I think it’s safe to say everyone can relate to being a teen. Doesn’t matter what time period you’re in, there are always going to be trials and tribulations of the “youth years.” There are some films about teenagers that have stood the test time (Sixteen Candles, The Breakfast Club), while others instantly falter as soon as they’re released (Bring It On, Twilight). Fortunately, Philip Kaufman’s 1979 cult classic adaptation of Richard Price’s best seller gets it quite right: from how it captures a bygone era (1963), and how it succeeds in telling a very modern story.
Set in the Bronx during 1963, the film centers on the titular Italian-American group of teens and their continuing power struggle against the Fordham Baldies. In a series of vignettes: some hilarious, others very tense, we meet Richie (Ken Wahl), Joey (John Friedrich), and newcomer Perry (Tony Ganios), as they deal with growing up on a day-to-day basis, the many challenges of life as rebellious teens. Richie falls in love with the headstrong Nina (Karen Allen) while dating the gum-smacking Despie (Tony Kalem), whom he eventually gets pregnant; Joey deals with his bodybuilding bully of a father and a nonchalant mother; and Perry, an outsider from New Jersey, copes with an alcoholic mother. Everything culminates in not just a thrilling rumble in a football field, but more poignantly, a television broadcast of President Kennedy’s assassination. In the final moments of the film, Richie is forced to marry Despie, while Joey and Perry leave the Bronx on a road trip to an uncertain future.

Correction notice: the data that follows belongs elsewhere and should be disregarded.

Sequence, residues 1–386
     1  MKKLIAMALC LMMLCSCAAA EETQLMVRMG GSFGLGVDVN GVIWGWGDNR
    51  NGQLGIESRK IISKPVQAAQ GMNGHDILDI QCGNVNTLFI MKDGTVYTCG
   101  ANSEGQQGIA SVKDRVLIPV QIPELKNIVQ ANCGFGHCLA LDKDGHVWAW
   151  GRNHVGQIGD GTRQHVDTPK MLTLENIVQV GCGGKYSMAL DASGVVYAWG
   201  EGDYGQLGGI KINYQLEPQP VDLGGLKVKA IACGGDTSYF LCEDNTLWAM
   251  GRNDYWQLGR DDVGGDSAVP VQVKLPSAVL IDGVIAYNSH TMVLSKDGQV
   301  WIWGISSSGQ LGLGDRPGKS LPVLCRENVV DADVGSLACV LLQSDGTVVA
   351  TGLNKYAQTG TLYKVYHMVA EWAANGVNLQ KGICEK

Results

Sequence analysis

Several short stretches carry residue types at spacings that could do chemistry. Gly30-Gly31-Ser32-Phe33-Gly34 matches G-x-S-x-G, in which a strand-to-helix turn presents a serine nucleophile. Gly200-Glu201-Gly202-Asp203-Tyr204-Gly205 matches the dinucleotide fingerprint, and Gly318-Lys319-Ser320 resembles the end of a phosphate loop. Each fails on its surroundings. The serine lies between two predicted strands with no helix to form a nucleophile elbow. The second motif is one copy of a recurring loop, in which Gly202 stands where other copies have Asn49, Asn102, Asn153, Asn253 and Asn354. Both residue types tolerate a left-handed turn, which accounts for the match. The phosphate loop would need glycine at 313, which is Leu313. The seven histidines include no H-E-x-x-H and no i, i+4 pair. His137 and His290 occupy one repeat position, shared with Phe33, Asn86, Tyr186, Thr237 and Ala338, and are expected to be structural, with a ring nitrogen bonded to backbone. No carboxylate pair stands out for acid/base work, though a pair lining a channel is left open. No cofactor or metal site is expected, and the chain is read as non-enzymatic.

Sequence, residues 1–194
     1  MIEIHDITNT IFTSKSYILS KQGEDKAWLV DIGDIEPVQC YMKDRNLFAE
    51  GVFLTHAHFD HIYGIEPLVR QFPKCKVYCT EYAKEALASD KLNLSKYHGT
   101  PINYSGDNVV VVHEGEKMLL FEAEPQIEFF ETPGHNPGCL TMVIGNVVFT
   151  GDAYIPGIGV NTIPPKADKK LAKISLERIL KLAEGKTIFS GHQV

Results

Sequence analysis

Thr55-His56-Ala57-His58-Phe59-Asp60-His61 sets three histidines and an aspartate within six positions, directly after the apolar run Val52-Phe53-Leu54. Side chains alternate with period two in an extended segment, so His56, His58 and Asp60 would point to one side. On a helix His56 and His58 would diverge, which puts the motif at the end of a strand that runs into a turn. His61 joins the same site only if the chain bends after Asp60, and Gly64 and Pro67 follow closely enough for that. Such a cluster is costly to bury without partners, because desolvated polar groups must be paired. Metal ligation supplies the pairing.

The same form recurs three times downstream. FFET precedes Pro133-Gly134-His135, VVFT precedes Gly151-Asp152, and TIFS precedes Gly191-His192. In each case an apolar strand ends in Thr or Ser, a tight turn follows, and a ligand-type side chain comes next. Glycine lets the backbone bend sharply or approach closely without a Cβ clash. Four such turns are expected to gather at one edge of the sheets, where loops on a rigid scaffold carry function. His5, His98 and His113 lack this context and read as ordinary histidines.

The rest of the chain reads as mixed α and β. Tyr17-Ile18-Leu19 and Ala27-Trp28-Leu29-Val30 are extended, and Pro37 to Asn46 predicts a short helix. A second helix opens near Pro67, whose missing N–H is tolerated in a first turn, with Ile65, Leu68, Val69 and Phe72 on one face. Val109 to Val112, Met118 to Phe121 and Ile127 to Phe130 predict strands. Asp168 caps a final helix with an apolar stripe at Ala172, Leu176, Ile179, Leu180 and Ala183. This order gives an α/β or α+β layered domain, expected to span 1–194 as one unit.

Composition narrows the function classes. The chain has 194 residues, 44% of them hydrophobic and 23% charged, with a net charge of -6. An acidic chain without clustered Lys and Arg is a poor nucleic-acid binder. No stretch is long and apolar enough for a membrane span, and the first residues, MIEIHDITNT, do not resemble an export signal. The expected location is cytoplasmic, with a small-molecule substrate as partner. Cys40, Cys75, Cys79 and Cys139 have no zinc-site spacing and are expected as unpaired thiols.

What elevates the film, and makes it actually better than the other teen-gang film of the time, The Warriors, is that it’s more grounded in reality rather than stylized fiction. The soundtrack, featuring a classic array of golden oldies, gives the film a wild and energetic atmosphere that brilliantly accentuates every moment in both comedic and dramatic detail. The cast is excellent, especially Kalem as Despie, but there are also amazing supporting turns by a very young Alan Rosenberg, Linda Manz, and Dolph Sweet as Despie’s father. Kaufman’s direction is near-perfect, and the iconic Michael Chapman’s cinematography is surreal and otherworldly.
For a Kino Lorber release, the Blu-ray is unusually packed with special features, giving much-needed new life to a film that was unfairly neglected upon its release in the U.S. Not only does it have the original 118-minute theatrical cut and the rare 124-minute preview cut, but there are also introductions to both versions.
Disc One: Theatrical Cut
- Audio Commentary by Kaufman
- Back to the Bronx with Richard Price Featurette
- Wanderers Forever– Live Q&A at NYC’s Film Forum with Allen, Kalem, Ganios, and Price
- Original theatrical trailer
Disc Two: Preview Cut
- Audio Commentary by the great Annette Insdorf, film professor at Columbia University
- The Wanderers Q&A at LA’s Cinefamily with Kaufman, Rosenberg, and Peter Kaufman
- Audio Q&As at NYC’s Film Forum with Kaufman and Price
- Re-Release trailer
- TV Spots
In the end, I was completely won over by this amazing film, because it captures the spirit of a generation, and the nostalgia of an ancient world. I know this is a cliche, but they just don’t make them like this anymore. WANDERERS FOREVER!!!